That said, selecting for sex -- or any other quality -- is different from a woman's decision not to carry a pregnancy to term.But what if a woman's decision not to carry a pregnancy to term is based her desire to select for sex? Then aren't they one and the same?
When parents choose to have a child because he is male, they may do so with the expectation that their son will turn out to be an upstanding heir or that he will carry on the family line. Or, should they want a girl, they may be seeking a child who enjoys wearing pink dresses and playing with dolls. Ethically, this is worlds apart from a woman's choice not to continue a pregnancy -- or not to get pregnant in the first place. One is the decision of a woman considering her own body. The other involves the creation of a new human being -- and expectations for how that human being will turn out.What if a woman considers her own body and decides she doesn't want a female child in it? Does that make sex-selection abortion okay?
Why is selecting for sex "worlds apart" than selecting for economic conditions or health? If you ever read the stories of women considering abortion or who've had abortions, they often discuss their expectations of their unborn children. They often discuss their current economic situation and how that situation would effect their child. Or how they want the child born into a stable environment.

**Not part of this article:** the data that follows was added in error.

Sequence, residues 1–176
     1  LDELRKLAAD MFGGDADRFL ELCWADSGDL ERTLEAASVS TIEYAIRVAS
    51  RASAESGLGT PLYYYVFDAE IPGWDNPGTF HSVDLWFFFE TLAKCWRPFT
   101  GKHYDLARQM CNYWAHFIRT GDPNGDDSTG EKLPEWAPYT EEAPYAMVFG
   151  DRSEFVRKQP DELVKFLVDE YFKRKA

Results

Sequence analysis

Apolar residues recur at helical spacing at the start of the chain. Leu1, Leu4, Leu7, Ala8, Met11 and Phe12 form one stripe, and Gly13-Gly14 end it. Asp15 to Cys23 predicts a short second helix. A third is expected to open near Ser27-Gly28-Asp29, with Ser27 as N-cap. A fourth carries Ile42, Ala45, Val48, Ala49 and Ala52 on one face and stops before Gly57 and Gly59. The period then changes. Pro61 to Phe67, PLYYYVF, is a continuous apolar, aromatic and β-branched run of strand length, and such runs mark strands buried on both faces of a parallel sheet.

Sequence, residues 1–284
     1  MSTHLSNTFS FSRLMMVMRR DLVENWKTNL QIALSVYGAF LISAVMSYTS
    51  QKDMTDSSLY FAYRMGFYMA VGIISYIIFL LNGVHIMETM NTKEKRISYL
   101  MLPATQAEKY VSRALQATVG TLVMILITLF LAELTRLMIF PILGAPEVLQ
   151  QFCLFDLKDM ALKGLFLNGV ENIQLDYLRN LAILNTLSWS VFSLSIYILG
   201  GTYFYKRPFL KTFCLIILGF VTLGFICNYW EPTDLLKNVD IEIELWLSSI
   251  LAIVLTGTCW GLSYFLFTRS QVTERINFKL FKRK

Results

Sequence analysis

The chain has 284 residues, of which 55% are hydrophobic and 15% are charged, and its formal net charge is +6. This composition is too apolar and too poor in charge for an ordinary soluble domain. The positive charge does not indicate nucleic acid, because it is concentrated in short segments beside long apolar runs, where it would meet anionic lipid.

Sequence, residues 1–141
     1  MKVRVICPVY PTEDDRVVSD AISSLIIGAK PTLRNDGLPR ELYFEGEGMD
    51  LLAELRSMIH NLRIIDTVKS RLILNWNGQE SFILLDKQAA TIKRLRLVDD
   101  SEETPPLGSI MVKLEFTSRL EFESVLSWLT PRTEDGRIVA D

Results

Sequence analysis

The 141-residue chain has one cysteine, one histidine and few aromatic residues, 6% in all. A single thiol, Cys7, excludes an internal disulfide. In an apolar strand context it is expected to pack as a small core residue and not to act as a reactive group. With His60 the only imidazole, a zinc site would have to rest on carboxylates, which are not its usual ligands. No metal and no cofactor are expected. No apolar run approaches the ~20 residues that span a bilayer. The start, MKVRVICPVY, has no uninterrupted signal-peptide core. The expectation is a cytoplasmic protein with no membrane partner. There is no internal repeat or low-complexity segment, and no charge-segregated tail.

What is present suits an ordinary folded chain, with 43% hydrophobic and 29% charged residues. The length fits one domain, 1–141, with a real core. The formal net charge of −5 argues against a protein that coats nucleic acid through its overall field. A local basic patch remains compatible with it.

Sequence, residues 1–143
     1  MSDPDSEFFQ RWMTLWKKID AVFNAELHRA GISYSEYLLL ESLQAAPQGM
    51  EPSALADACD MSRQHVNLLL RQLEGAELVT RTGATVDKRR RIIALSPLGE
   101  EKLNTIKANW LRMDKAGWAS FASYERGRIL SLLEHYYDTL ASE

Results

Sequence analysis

Hvistendahl merely asserts aborting children based on sex is ethical "worlds apart" from aborting children because of other desires pregnant women may have for their lives or the lives of their children. There's no argument here. All we have is Hvistendahl's belief that some choices pregnant women make are wrong.
That's fine and dandy but once you accept that pregnant women can make bad decisions about their pregnancies and that some of their choices should be regulated, then you kind of blow a Titanic-sized hole in the pro-choice position which values the autonomy of the woman and her decisions above all.
Unfortunately, Hvistendahl still hasn't come to the realization that you can't use "choice" or "trust women" or "consideration of her body" type language and still consistently oppose sex-selection abortion.